• Word denoting estimated quantity (số từ phỏng định): ‘vài’, ‘ba’, ‘dăm’, ‘vài ba chục’... Example 33: vài câu trả lời đúng (several right answers)

  • Word denoting distribution (từ hàm ý phân phối): ‘mỗi’, ‘từng’, ‘mọi’... Example 34: mỗi trang (each page), mọi đứa trẻ (every child)

  • Article (quán từ): ‘những’, ‘các’, ‘một’... Example 35: những chiếc xe tải lớn (big trucks), các quyển sách (books)

  • The word ‘mấy’. Example 36: mấy cuốn sách này (these books)

  • The word ‘cái’. Example 37: cái quyển sách này (this book), cái ông giáo sư tóc bạc đó (that white-haired teacher over there)

Head noun: like ‘cuốn sách’ in example 30. Head nouns in Vietnamese Noun phrases do not consist of one word at all. Most of them are the combination between two parts: a classifier (cuốn) and a noun (sách). Until now, there has been a controversy about which of these two parts take the central role. Some people think that the noun is the central because the noun is a lexical word while classifier is a form word. Besides the nouns which must have classifiers going with them, there are nouns which don’t need to have classifier preceding.

  • Classifier + Noun:

Some kinds of classifier (từ chỉ loại):

Classifier goes with noun denoting object (danh từ chỉ vật thể): ‘cái’, ‘con’, ‘cây’, ‘củ’, ‘người’, ‘đứa’, ‘thằng’, ‘nhà’, ‘bức’, ‘tấm’, tờ’, ‘sợi’...

Example 38: cái bàn (table), đứa bé (child), nhà văn (writter), tờ báo (newspaper)

Classifier goes with noun denoting substance (danh từ chỉ chất thể): ‘miếng’, ‘cục’, ‘hạt’, ‘dòng’, ‘giọt’, ‘hạt’, ‘trận’...

Example 39: cục đá (rock), hạt muối (salt)

Classifier goes with noun denoting weather phenomenon (hiện tượng thời tiết): ‘làn’, ‘cơn’, ‘trận’, ‘tia’...

Example 40: trận mưa (rain), tia chớp (lightning)

Classifier used for semantic change

Example 41: tên gián điệp (spy), tay đao phủ (executioner), lá thư (letter), cánh buồm (sail), ngọn núi (mountain)

Classifier denoting generality: ‘thứ’, ‘loại’, ‘hạng’, ‘kiểu’, ‘cách”...

Example 42: loại thịt (kind of meat), kiểu xe (type of vehicle), cách làm (method)

  • Some nouns have ability to combine with the word denoting quantity directly without any classifier. We use this way to enumerate something.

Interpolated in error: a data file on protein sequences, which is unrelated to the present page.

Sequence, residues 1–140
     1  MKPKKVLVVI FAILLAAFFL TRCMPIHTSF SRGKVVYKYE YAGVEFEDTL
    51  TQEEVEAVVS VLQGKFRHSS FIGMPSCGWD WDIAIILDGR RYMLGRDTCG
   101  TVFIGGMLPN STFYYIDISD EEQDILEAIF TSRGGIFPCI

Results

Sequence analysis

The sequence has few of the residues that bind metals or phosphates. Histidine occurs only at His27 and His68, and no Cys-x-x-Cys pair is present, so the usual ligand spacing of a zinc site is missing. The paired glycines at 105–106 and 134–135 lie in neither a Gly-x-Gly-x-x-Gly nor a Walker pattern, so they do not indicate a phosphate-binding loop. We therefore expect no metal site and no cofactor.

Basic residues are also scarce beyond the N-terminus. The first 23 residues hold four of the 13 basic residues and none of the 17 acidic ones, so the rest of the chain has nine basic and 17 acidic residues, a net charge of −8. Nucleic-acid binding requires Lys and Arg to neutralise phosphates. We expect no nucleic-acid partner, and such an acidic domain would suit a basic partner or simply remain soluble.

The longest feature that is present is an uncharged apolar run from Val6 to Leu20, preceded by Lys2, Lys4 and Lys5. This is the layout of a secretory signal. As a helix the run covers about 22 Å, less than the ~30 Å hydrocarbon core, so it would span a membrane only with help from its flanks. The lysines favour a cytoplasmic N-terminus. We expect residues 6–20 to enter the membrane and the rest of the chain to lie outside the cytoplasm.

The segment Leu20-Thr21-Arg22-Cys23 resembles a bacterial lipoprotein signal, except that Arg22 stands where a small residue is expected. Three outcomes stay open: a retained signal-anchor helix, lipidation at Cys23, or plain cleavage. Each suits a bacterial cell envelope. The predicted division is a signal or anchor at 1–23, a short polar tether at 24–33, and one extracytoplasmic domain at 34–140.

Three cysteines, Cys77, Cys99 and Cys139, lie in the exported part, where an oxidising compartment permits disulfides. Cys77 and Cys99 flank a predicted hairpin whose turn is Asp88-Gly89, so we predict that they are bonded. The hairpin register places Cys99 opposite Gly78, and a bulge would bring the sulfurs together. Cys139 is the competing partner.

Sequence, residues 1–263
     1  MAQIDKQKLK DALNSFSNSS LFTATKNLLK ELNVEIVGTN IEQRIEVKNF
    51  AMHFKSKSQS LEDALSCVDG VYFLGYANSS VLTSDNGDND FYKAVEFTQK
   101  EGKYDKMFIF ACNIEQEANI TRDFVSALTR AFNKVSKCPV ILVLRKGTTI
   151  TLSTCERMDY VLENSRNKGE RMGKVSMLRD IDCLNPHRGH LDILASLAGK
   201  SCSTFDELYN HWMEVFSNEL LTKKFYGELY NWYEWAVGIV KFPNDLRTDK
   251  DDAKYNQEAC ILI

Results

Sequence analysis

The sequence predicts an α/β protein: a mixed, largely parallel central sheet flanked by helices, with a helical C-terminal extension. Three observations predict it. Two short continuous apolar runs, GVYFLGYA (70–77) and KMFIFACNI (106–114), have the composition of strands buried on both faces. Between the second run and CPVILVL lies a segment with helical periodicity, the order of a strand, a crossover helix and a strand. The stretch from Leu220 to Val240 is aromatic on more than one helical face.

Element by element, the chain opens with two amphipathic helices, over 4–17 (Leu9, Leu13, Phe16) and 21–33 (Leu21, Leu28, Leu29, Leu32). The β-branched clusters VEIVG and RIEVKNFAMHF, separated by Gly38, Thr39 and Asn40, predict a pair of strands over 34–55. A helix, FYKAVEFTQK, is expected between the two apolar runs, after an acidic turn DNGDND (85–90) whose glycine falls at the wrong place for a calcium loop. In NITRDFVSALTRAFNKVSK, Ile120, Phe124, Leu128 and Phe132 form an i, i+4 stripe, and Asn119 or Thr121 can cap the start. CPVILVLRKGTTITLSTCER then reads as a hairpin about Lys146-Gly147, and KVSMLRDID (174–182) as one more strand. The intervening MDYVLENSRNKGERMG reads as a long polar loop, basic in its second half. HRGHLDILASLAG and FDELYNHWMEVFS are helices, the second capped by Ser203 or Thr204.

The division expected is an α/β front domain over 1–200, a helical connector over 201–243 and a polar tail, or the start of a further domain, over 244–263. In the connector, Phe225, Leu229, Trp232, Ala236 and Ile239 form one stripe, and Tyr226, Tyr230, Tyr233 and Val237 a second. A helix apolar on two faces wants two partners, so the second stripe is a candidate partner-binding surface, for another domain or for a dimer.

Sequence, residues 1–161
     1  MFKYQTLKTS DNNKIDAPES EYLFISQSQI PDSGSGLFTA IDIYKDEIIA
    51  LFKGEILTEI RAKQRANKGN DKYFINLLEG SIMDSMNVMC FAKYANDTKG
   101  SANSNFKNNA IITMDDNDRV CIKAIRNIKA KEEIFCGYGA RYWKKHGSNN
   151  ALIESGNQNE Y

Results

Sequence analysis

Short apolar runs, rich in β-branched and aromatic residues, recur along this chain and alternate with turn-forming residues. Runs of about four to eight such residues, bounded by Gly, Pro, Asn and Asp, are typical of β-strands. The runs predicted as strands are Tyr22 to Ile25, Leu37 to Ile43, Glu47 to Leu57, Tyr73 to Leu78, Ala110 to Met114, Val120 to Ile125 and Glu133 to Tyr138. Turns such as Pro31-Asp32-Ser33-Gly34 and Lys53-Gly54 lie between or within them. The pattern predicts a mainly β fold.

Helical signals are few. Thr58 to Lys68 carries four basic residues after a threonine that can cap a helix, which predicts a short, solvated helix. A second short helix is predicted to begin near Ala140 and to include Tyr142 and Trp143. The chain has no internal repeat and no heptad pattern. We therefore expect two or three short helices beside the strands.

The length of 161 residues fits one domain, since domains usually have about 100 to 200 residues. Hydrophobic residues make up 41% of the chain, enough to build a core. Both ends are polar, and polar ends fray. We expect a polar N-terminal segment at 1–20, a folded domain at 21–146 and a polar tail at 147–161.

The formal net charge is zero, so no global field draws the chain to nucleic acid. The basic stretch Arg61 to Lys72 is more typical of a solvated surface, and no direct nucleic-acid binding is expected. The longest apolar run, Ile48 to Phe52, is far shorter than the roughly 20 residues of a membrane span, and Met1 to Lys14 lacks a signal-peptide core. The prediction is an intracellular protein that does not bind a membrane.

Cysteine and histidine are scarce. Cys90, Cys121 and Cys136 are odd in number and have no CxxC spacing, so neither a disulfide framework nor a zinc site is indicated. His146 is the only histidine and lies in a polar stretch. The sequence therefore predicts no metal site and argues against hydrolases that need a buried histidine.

Example 43: hai bàn (two tables), sáu ghế (six chairs) in cần mượn thêm hai bàn và sáu ghế (need borrow two tables and six chairs more)

Post-modifier: ‘mà Mary đã đọc’ as you see in example 30. Post-modifier has two elements below:

  • Elements including lexical words denoting particular description (yếu tố chứa thực từ nêu đặc trưng mô tả):

Particularizing classificator (yếu tố phân loại chi tiết hóa):

Example 44: mèo đen (black cat), mèo trắng (white cat), mèo tam thể (tri-coloured cat), mèo đực (he-cat), mèo cái (she-cat)

Xe đạp trẻ em (children bike), xe đạp đua (racing bike), xe đạp nam (male bike), xe đạp nữ (female bike), xe đạp leo núi (mountain bike)

Epithet 1 (word denoting quality) (hình dung từ chỉ chất lượng)

Example 45: xe đạp mới (new bike), xe đạp mới màu xanh (new green bike)

Epithet 2 (word denoting attitude) (hình dung từ chỉ thái độ)

Example 46: con vật yêu quí (beloved pet), bác sĩ nổi tiếng (famous doctor)

  • Deictic word (từ chỉ thị):

Determiner (từ hạn định):

  • Possessive (sở hữu): ‘(của) tôi’, ‘(của) chúng tôi’, ‘(của) mày’, ‘(của) bọn mày’, ‘(của) nó’, ‘(của) chúng nó’...

Example 47: quyển sách của tôi (my book), bố của Lan (Lan’s father)

  • Demonstrative (chỉ định): ‘này’, ‘đây’, ‘kia’, ‘nọ’, ‘ấy’, ‘đó’, ‘đấy’

Example 48: con mèo này (this cat), cái bàn kia (that table)

Interrogative word (từ phiếm chỉ):

  • Possessive: ‘(của) ai’, ‘(của) người nào’

Example 49: quyển sách của người nào (whose book)

  • Demonstrative: ‘gì’, ‘nào’, ‘đâu’

Example 50: ngôi nhà nào (which house)

The order in Vietnamese noun phrase can be summarized in the table below:


Head noun


word denoting ‘all’

word denoting quantity

the word ‘cái’



elements including lexical words denoting particular description

deictic word

  • classifier goes with noun denoting object

  • classifier goes with noun denoting substance

  • classifier goes with noun denoting weather phenomenon

  • classifier used for semantic change

  • classifier denoting generality

  • particularizing classificator

  • epithet 1

  • epithet 2

  • determiner

  • interrogative word

Not all the elements above can appear in the noun phrase at the same time like word denoting ‘all’ can not go with words denoting estimated quantity.

Compare and contrast the structure between English and Vietnamese noun phrase

Because English is the flexible language while Vietnamese is inflexible, it can not avoid having differences between the two languages. However, their structures are similar to each other in some points.
  1. Similarities